In To Kill A Mockingbird, how does the event of shooting the mad dog and the children's encounter with Mrs. Dubose contribute to the novel as a whole?I'm writing an essay on it and I desperately...
In To Kill A Mockingbird, how does the event of shooting the mad dog and the children's encounter with Mrs. Dubose contribute to the novel as a whole?
I'm writing an essay on it and I desperately need help. I need to know the connection between the mad dog event and the encounter with Mrs Dubose. I came up with something about 'real courage', but I need more. Thanks!
In my opinion, you could write something about the cycle of life. There is a time and place for everyone and thing in the order of our world. Each situation is slotted into a master scheme of time. But all things have since our study of this world eventually come to an end. Both the "mad dog" and Mrs. Dubose had their time, and their times have come to an end. It is time for other things and for some reason, these two items are being removed from time.
I would say that one of Harper Lee's messages is that racism needs to be over. She was writing in the late 50s and was writing about the 30s. The Civil Rights movement was just about here, in fact her work may have contributed to the movement. Racism had a time in our history, we learned from it, but now it needed to be done.
Both the mad dog and Mrs. Dubose were put down with dignity. Atticus shot the dog because he was the only one who could kill the dog in one shot, minimizing the dog's pain. Mrs. Dubose needed the children's reading to help her not think about her pain as she worked to die free. In a way, Atticus is trying to put racism down, in its place in history with dignity. He is not helping the black man kill or defeat the white man cruelly, but he is working within the court system to get it done right.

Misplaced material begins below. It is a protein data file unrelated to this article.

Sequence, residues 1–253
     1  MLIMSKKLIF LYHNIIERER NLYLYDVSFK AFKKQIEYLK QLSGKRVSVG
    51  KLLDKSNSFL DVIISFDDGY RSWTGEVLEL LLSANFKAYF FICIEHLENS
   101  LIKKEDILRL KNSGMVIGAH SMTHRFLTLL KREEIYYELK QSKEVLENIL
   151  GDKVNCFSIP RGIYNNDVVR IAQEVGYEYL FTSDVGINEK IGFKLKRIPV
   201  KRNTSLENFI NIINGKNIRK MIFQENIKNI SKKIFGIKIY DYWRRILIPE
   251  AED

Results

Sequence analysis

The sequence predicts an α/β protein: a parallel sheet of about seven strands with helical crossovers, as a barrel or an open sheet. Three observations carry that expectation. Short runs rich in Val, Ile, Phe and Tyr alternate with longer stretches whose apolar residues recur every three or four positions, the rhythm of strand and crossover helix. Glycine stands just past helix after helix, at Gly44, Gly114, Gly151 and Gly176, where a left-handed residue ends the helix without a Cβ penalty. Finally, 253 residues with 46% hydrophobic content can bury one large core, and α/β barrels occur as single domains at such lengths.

Both events in the novel reveal aspects of the characters involved which give them an extra facet of humanity. When Atticus shoots the dog, he is revealing to his children an aspect of his character which they have never seen before. Both Scout and Jem see their father as 'old' and stuffy: they have never encountered the 'one-shot Finch' known to the other townspeople. After this event the children can see their father as heroic - something the adult reader sees also in his actions defending Tom Robinson.
Mrs Dubose is seen as a bigoted and cruel woman by the children. Scout refers to her as:
the meanest old woman who ever lived.
By being made to read to Mrs Dubose after destroying her flowers, Jem learns humility from his father whom she was insulting and finds out the meaning of courage when he finds out he was assisting in her beating her morphine addiction. The children learn that we do not always understand the motivations of other people and this viewpoint assists the reader in recognising the injustices of the Robinson trial.
Both of these chapters relate to the learning experiences of Jem and Scout in To Kill a Mockingbird. After complaining throughout the chapter that Atticus is old and feeble, they discover a new skill that their father has hidden from them: He is a crack marksman with a rifle. Atticus is not proud of this facet of his past, however. He indirectly relates the differences of true courageousness following Mrs. Dubose's death when he remarks that
"I wanted you to see what real courage is, instead of getting the idea that courage is a man with a gun in his hand."
Mrs. Dubose is the one with true courage, Atticus says.
"It's when you know you're licked before you begin but you begin anyway and you see it through no matter what."
Atticus will later display this same kind of courage when he tackles the Tom Robinson case, knowing beforehand that he cannot win.